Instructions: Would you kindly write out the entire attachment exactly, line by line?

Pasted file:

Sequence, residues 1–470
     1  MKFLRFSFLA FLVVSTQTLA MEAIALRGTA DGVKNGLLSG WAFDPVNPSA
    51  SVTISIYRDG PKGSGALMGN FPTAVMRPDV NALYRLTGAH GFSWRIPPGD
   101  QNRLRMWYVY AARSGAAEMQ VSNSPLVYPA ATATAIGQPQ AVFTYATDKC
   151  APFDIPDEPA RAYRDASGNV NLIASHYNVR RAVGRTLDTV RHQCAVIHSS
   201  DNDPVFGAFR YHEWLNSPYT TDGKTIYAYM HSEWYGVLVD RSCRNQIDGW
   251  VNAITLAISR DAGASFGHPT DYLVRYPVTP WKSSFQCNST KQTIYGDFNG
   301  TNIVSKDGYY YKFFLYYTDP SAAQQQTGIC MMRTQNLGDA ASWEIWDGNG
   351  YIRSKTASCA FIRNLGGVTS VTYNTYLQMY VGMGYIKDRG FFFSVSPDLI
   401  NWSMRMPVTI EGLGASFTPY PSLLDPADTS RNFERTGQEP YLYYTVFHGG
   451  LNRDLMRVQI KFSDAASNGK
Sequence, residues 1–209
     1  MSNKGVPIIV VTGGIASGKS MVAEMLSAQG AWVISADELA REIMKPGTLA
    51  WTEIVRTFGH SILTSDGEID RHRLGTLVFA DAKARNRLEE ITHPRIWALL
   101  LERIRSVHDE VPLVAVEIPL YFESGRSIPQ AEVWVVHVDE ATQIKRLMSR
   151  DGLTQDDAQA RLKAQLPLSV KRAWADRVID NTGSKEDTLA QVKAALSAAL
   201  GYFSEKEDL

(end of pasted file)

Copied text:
Sequence, residues 1–470
     1  MKFLRFSFLA FLVVSTQTLA MEAIALRGTA DGVKNGLLSG WAFDPVNPSA
    51  SVTISIYRDG PKGSGALMGN FPTAVMRPDV NALYRLTGAH GFSWRIPPGD
   101  QNRLRMWYVY AARSGAAEMQ VSNSPLVYPA ATATAIGQPQ AVFTYATDKC
   151  APFDIPDEPA RAYRDASGNV NLIASHYNVR RAVGRTLDTV RHQCAVIHSS
   201  DNDPVFGAFR YHEWLNSPYT TDGKTIYAYM HSEWYGVLVD RSCRNQIDGW
   251  VNAITLAISR DAGASFGHPT DYLVRYPVTP WKSSFQCNST KQTIYGDFNG
   301  TNIVSKDGYY YKFFLYYTDP SAAQQQTGIC MMRTQNLGDA ASWEIWDGNG
   351  YIRSKTASCA FIRNLGGVTS VTYNTYLQMY VGMGYIKDRG FFFSVSPDLI
   401  NWSMRMPVTI EGLGASFTPY PSLLDPADTS RNFERTGQEP YLYYTVFHGG
   451  LNRDLMRVQI KFSDAASNGK
Sequence, residues 1–209
     1  MSNKGVPIIV VTGGIASGKS MVAEMLSAQG AWVISADELA REIMKPGTLA
    51  WTEIVRTFGH SILTSDGEID RHRLGTLVFA DAKARNRLEE ITHPRIWALL
   101  LERIRSVHDE VPLVAVEIPL YFESGRSIPQ AEVWVVHVDE ATQIKRLMSR
   151  DGLTQDDAQA RLKAQLPLSV KRAWADRVID NTGSKEDTLA QVKAALSAAL
   201  GYFSEKEDL